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Spring Cleaning

Secret Garden's new owners revamp the menu but keep the lovely flowers.

May 13, 2000|RODNEY BOSCH | TIMES STAFF WRITER

It seems appropriate that Secret Garden in Moorpark is blossoming anew at this time of the year after sitting dormant for several months.

And the renewal is reaching beyond the fabulous array of flowers at the restaurant's showy Victorian garden. New owners Michel and Laurea Bardavid are refreshing the restaurant.

Patrons familiar with the downtown High Street location will appreciate that little has changed aesthetically.

The Bardavids have made it a priority to preserve the restaurant's part rustic, part turn-of-the-century elegance. It's the cuisine, under the direction of chef Michel, that is changing.

Secret Garden was staunchly highbrow under its founders, Bob and Sandra "Alex" Sofsky. Its well-received menu was pricey to say the least.

Bardavid has chosen to implement a more moderately priced a la carte menu. His intent is to attract a clientele beyond the coterie of regulars that frequented the restaurant before the Sofskys closed it in October.

Bardavid--whose prior employers include the Sherwood Country Club, Boccaccio's and the Bel-Air Hotel--is quick to define his food as French-American.

"It has more variety than French California," he said.

His definition provides a broader offering of ethnic stylings, with influences ranging from Southwestern to Pacific Rim.

Bardavid's dishes emphasize an architectural flair and are colorfully dressed with contrasting sauces and fresh ingredients.

The term vertical describes some of the entree presentations, like the pan-seared Chilean sea bass. The fillet sits at the peak of a black bean compote and is completed with a salsa verde, finely cut tricolored tortilla chips and bell pepper coulis.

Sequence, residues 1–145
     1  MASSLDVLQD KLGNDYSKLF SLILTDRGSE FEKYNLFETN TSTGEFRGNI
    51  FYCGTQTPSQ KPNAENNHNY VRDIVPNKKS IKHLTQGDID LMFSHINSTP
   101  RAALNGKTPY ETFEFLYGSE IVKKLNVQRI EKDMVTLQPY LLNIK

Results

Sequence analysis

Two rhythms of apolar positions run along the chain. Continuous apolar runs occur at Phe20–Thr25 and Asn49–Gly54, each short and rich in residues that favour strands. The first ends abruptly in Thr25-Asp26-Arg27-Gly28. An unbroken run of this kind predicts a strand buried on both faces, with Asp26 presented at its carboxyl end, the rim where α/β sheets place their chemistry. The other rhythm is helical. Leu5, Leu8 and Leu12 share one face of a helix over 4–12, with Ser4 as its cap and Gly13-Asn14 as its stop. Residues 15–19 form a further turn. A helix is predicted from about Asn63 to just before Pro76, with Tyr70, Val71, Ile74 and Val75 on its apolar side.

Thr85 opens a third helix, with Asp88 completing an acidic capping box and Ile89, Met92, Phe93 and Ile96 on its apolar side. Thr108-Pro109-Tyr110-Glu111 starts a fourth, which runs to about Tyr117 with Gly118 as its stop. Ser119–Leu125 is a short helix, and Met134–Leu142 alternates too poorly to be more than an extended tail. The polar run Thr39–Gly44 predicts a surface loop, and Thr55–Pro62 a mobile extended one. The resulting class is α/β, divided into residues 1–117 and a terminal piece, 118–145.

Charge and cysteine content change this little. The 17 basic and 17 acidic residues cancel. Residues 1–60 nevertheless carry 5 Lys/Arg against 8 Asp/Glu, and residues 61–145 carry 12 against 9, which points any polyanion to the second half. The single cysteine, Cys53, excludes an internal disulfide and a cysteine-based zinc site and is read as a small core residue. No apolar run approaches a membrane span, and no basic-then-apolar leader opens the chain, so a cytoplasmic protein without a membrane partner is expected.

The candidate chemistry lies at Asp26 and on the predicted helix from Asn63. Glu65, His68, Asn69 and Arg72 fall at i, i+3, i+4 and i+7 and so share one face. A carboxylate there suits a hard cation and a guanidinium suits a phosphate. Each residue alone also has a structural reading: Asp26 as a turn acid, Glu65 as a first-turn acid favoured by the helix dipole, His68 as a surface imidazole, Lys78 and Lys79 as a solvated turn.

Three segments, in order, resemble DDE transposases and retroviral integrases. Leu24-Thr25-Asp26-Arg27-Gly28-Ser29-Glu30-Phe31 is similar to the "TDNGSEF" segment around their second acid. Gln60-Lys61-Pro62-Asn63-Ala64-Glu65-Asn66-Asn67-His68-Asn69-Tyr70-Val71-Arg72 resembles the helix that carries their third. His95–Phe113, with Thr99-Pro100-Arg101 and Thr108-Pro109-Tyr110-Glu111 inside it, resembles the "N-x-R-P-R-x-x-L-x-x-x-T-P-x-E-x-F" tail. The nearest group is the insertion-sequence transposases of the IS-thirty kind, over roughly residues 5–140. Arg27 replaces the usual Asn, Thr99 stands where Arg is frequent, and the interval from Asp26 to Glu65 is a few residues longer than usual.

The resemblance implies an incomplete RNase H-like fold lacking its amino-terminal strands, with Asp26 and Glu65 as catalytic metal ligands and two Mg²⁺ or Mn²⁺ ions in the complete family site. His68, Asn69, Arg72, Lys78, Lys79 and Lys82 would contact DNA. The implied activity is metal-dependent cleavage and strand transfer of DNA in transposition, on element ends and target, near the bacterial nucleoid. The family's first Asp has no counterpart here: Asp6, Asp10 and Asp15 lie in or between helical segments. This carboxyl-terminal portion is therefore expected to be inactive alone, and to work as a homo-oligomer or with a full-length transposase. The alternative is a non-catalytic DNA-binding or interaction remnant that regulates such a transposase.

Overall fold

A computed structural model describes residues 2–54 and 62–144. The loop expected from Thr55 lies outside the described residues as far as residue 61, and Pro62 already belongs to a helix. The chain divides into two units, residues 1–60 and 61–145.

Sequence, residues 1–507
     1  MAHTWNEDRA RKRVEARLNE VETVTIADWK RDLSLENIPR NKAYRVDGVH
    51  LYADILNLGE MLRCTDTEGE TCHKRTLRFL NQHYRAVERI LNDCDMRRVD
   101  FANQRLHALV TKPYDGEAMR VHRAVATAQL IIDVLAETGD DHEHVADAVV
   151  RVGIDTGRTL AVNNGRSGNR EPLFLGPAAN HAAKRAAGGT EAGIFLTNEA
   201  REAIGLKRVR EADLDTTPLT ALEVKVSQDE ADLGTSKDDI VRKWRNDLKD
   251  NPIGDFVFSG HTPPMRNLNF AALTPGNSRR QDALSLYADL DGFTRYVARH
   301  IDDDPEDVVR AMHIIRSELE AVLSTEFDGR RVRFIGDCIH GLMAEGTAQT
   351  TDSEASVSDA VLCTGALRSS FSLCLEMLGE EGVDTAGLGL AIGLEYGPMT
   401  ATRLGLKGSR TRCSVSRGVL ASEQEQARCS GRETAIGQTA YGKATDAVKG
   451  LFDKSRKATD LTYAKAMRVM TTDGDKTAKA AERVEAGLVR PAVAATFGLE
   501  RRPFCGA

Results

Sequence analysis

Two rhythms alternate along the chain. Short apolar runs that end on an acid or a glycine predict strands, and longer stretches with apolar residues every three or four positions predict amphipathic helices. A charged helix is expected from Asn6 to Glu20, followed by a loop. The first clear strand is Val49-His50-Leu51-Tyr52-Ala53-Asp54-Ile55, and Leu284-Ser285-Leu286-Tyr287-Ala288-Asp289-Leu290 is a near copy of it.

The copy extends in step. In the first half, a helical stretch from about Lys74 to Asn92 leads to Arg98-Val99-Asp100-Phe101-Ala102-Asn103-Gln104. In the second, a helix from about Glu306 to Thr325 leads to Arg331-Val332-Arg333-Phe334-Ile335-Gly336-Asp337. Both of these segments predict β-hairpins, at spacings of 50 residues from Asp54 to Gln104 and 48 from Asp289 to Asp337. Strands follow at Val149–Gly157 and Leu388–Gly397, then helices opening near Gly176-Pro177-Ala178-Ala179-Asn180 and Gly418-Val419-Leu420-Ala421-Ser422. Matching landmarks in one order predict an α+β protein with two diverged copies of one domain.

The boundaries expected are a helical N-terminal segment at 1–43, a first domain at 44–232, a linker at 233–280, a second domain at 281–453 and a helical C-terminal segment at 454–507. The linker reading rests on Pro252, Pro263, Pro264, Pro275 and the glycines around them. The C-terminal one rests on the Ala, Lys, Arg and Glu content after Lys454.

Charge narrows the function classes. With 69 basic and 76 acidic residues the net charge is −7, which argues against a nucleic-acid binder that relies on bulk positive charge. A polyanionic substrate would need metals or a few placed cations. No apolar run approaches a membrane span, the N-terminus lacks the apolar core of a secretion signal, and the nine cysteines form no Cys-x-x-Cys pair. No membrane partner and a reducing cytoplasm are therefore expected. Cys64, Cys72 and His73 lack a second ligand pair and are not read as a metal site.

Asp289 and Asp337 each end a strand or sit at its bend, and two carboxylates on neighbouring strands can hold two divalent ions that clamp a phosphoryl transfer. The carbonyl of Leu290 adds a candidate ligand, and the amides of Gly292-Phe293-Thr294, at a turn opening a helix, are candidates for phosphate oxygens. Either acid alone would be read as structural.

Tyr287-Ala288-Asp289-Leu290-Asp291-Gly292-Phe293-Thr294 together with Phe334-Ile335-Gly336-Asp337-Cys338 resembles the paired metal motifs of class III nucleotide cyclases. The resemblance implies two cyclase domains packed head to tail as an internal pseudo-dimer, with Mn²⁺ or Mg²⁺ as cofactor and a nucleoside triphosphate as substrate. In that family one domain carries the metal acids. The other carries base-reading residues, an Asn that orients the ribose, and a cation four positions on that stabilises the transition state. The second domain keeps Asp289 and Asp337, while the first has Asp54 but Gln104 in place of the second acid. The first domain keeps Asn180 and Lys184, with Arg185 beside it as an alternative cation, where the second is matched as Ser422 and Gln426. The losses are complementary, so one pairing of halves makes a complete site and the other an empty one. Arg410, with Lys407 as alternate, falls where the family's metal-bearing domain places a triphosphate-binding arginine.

Seasonal changes in local agriculture and fishing will guide the regular menu and weekly specials. And you can expect Bardavid to push the envelope a bit in Moorpark.

"I won't go too crazy, but I would like to do some things a little more eccentric," he said.

Come winter, Bardavid said he will prepare wild game, including venison and boar. And when Moorpark is ready, he will offer foie gras, which many consider to be the ultimate luxury of French gastronomy.

But Bardavid thinks the ages-old delicacy is at least a year away.

"As soon as I have the clientele, I will bring foie gras to Moorpark," he said. In the meantime, he hopes to build a clientele with entree items ranging from $15.50 to $23.

With an entree order you have the option of complementing the meal with a generous baby green salad or soup of the day for $1.

An alcohol license is pending. When that comes, Bardavid will implement a wine list stocked with French and California wares. For now, diners can pour their own bottles of wine for a $1 corkage fee per person.

DETAILS

Secret Garden is in downtown Moorpark at 255 E. High St. Lunch: Tue.-Fri., 11:30 a.m.-2 p.m. Dinner: Tue.-Thur., 5:30-9:30 p.m.; Fri.-Sat., 5:30-10 p.m.; Sun., 5:30-9 p.m. Sunday brunch: 10:30 a.m.-2:30 p.m. Call 552-9523.

Rodney Bosch writes about the restaurant scene in Ventura County and outlying points. He can be reached at 653-7572, fax 653-7576 or by e-mail at: rodney.bosch@latimes.com.

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